Carbohydrate Structure & Function_Molecules Flashcards Preview

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Flashcards in Carbohydrate Structure & Function_Molecules Deck (97):
1

What is the general formula of carbohydrates

(CH2O)n

2

What is monosaccharides?

Basic building block and major energy source

3

What is disaccharides?

2 monosaccharides units

4

What is oligosaccharides?

3 - 20 monosaccharides units

5

What is complex carbohydrates?

Glycoproteins and glycolipids

6

What is polysaccharides?

Tens to thousands of monosaccharide units

7

What are the two types of polysaccharides?

1) Storage polysaccharides - energy store
2) Structural polysaccharides

8

What does monosaccharides used to create?

1) Disaccharides
2) Oligosaccharides
3) Polysaccharides
4) Complex carbohydrates

9

What are carbohydrates used for?

1) Most abundant biomolecules in nature
2) Major food source for energy generation
3) Major component of nucleic acids
4) Provide structural components
5) Cells Glyocalyx composed of: glycoproteins and glycolipids

10

What do carbohydrates provide structural components for?

1) Extracellular matrix
2) Physiological lubricants e..g Synovial Fluid

11

What is monosaccharide consisted of?

They consist of a chain of carbons with a hydroxyl group at each carbon except one.

12

What does the "D" in D-glucose refer to?

To the orientation of substituents at the asymmetrical carbon farthest removed from the carbonyl carbon.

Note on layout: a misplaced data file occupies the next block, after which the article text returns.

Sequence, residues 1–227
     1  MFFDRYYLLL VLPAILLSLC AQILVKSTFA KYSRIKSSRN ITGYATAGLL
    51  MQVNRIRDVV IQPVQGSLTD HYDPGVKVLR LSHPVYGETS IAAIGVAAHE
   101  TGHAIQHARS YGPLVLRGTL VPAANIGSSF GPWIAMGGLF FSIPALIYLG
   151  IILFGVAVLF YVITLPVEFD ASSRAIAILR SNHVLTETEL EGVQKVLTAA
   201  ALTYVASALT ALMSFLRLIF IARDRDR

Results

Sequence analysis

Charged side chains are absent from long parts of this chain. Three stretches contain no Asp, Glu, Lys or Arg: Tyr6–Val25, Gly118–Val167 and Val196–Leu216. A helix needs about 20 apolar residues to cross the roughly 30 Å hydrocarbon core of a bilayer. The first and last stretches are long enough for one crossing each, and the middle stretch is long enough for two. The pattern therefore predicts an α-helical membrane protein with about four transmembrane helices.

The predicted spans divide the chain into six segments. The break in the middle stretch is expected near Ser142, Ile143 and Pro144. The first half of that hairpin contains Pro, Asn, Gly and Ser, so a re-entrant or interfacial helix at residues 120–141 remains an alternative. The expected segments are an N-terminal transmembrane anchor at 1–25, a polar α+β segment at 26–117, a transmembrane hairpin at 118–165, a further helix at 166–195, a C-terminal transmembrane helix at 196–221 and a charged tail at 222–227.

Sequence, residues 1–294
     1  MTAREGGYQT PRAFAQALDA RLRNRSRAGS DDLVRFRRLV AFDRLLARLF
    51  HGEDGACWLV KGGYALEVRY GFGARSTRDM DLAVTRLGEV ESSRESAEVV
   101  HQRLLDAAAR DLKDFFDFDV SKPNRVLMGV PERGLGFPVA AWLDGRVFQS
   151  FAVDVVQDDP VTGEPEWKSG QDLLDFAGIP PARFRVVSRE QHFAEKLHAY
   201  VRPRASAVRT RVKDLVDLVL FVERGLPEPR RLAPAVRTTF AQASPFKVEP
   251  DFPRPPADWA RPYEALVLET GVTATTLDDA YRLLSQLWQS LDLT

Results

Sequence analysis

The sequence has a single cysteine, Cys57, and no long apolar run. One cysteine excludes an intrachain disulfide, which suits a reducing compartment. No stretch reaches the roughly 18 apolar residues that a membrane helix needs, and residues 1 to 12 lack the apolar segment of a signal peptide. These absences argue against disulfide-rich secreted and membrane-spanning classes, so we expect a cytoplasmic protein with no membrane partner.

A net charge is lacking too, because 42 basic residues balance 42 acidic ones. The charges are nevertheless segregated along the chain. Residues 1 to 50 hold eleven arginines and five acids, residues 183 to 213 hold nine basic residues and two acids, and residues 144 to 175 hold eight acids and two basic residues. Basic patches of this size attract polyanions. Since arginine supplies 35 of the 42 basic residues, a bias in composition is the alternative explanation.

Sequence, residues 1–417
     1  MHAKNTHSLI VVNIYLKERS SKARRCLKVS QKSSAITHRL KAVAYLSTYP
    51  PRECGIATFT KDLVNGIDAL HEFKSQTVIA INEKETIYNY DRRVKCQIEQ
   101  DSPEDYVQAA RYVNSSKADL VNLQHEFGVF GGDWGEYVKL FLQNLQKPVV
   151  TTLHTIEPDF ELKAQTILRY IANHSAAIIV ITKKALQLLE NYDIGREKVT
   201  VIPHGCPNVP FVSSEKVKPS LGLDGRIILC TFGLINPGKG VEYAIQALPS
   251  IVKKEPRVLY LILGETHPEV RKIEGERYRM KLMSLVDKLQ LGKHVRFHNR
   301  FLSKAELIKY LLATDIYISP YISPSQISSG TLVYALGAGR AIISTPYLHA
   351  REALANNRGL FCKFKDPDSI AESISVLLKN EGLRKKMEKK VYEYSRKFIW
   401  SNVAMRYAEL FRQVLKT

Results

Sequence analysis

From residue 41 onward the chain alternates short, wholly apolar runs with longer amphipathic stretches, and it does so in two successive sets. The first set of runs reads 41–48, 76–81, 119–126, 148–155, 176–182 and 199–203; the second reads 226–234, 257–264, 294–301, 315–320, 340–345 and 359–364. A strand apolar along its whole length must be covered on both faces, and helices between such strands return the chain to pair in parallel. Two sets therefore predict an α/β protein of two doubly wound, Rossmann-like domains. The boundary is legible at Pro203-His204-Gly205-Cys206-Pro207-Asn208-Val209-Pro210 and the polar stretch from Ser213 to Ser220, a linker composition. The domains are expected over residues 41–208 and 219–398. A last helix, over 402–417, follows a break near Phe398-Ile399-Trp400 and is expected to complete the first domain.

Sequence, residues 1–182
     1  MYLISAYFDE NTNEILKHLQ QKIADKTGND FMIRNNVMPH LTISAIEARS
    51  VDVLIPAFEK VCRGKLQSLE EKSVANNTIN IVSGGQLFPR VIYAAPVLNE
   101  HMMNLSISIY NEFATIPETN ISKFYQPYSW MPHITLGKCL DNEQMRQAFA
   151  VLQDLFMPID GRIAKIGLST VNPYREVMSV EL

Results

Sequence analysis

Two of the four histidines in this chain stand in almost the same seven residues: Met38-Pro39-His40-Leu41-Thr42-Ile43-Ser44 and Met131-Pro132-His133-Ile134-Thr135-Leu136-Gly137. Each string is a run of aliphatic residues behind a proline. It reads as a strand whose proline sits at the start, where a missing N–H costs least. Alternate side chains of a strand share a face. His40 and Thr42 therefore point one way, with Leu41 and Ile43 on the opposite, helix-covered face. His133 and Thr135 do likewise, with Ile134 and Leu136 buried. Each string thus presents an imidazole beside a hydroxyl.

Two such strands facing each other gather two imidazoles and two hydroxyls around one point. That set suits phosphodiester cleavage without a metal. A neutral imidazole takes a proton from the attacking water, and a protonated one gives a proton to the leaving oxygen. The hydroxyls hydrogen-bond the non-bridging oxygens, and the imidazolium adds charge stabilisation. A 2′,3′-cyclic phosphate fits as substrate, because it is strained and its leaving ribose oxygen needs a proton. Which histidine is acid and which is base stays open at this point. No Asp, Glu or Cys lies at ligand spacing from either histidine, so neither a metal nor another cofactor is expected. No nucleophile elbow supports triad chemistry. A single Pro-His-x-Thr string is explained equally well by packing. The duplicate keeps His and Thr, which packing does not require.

13

What is mutarotation?

A process which allows for greater than or equal to 5C monosaccharides to form cyclic structure around the anomeric carbon

14

When most monosaccharides spontaneously form ring structures, what bond does the aldehyde or keto group form?

Hemiacetal bond with one of the hydroxyl group

15

What is a furanose ring?

Ring that contains five atoms

16

What is a pyranose ring?

Ring that contains six atoms

17

What do alpha and beta glucopyranose?

Anomers and can interconvert spontaneously via linear form

18

What is maturation caused by

Occasional opening and reclosure of the ring
Greatly acceerated in the presence of acid or bases

19

What are common monosaccharides?

1) D-Fructose
2) D-Glucose
3) D-Mannose
4) D-Galactose

20

Why is fructose different from other common monosaccharide?

Differ from others in bonding structure - ketose

21

What are the bonding structure for common monosaccharides other than fructose?

Aldohexoses

22

How do the monosaccharides differ from one another?

Differ in how constituent groups are arranged in space - stereoisomers